On appeal, defendant argued that admission of the transcript with testimony from the arresting officer deprived him of his right to confront and cross-examine witnesses against him. Examining defendant’s appeal, the Supreme Court explained that “a probation revocation proceeding is not a criminal trial,” and defendant was not entitled to the full Sixth Amendment rights afforded in a criminal prosecution. Slip Op. at ¶13. Instead, defendant was entitled to a more limited set of rights for probation revocation hearings. Slip Op. at ¶14, quoting Black v. Romano, 471 U.S. 606, 612 (1985). The court noted that traditional rules of evidence do not apply, and N.C.G.S. § 15A-1345(e) establishes the procedural requirements for a probation revocation hearing. Slip Op. at ¶15. In particular, N.C.G.S. § 15A-1345(e) provides that defendant “may confront and cross-examine adverse witnesses unless the court finds good cause for not allowing confrontation.” However, defendant’s objection during the probation hearing was not because of his inability to cross-examine the arresting officer, but instead because the order on the motion to suppress was irrelevant since the jury did not convict defendant of the crimes. Slip Op. at ¶19.

Because defendant’s objection was not clearly about confrontational rights, and defendant never attempted to actually confront or cross examine the arresting officer at the probation hearing, the Supreme Court found that he failed to preserve the issue on appeal. Further, the court noted that this was not a situation where a statutory mandate would preserve the objection, because the “plain language of N.C.G.S. § 15A-1345(e) contains a conditional statutory mandate which means normal rules of preservation apply unless the trial court fails to make a finding of good cause when the court does not permit confrontation despite a defendant’s request to do so.” Slip Op. at ¶26. The trial court never received a request for confrontation, and never indicated that it would not permit confrontation or examination, meaning no finding of good cause was necessary.

Justice Earls dissented from the majority opinion.

 

Trial court erred denying indigent defendant’s request for transcript; denial of request for transcript was harmless beyond a reasonable doubt due to overwhelming evidence of guilt.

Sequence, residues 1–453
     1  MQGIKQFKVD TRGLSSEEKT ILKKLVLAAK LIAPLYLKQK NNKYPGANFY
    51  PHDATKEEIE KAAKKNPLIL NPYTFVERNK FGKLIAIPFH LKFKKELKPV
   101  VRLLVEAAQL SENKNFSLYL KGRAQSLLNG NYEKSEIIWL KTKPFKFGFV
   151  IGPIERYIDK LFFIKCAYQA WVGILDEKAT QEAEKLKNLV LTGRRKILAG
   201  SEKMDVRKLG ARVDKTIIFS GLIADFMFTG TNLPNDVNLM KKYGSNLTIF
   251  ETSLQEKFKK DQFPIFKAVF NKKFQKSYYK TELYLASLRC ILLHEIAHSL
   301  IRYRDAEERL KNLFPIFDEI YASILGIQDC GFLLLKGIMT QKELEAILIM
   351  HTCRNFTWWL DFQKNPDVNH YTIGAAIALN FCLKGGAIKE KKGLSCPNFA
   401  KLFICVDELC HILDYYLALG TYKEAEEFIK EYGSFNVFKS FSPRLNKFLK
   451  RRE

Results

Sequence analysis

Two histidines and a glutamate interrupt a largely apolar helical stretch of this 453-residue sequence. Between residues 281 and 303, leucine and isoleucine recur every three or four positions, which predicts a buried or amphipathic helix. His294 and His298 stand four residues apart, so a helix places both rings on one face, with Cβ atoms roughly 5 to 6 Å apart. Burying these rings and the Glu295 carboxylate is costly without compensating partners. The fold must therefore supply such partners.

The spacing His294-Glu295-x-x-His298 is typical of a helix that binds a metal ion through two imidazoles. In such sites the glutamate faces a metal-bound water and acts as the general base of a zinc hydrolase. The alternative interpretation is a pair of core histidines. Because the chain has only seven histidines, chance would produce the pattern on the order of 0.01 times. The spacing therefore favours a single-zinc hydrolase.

State v. Gaddis, 2022-NCSC-102, ___ N.C. ___ (Aug. 19, 2022). In this Union County case, the Supreme Court affirmed the Court of Appeals majority opinion denying defendant’s appeal of his conviction for driving while impaired and related driving offenses.

In 2018, defendant was charged with multiple offenses after driving a pickup truck with a blood-alcohol concentration of 0.12. Defendant was declared indigent and received appointed counsel; he went to trial on the charges July 15, 2019. After the trial the jury deadlocked and the trial court declared a mistrial. After the first trial, defendant’s counsel withdrew, and new counsel was appointed. On August 26, 2019, defendant’s new counsel filed a motion for a transcript of the first hearing, and requested a continuance (because defendant was indigent, the transcript would have been provided for free). The trial court denied the motions for transcript and continuance, and the matter went forward for a second trial on September 3, 2019. On the first day of the second trial, defendant’s counsel submitted renewed motions for a transcript and a continuance, both of which were denied by the trial court. Defendant was eventually convicted of all charges and appealed, arguing that the trial court’s denial of his motion for a transcript deprived him of the ability to impeach the State’s witnesses.

Examining defendant’s appeal, the court explained that an indigent defendant does not have an absolute right to a free transcript. Instead, when considering an indigent’s request for a free transcript, courts must apply a two-part test to determine (1) the value of the transcript to defendant, and (2) the availability of alternatives that would fulfil the same function. Slip Op. at ¶16, quoting Britt v. North Carolina, 404 U.S. 226, 227 (1971). Here, the court determined it was likely that the trial court did not perform the Britt analysis and erred by denying the motion for transcript. Slip Op. at ¶19. However, the court went on to explain that under the harmless-error doctrine and N.C.G.S. § 15A-1443(b), trial court’s error is prejudicial “unless the appellate court finds that it was harmless beyond a reasonable doubt.” Slip Op. at ¶20. In this circumstance, “overwhelming evidence of guilt may render error of constitutional dimension harmless beyond a reasonable doubt.” Slip Op at ¶21, quoting State v. Bunch, 363 N.C. 841, 845-46 (2010).

The Supreme Court found just such overwhelming evidence supporting the guilty verdicts in this case. The court noted that “[e]ven if defendant had the transcript of the prior trial to impeach the testimony of [State’s witnesses], there still existed overwhelming evidence of defendant’s guilt,” including a recorded admission by defendant “that he was the driver of the vehicle when it was wrecked” and a blood sample taken from defendant showing he was intoxicated after being taken into custody. Slip Op. at ¶24. Based on this overwhelming evidence, the trial court’s error was harmless beyond a reasonable doubt.

Justice Earls dissented from the majority opinion.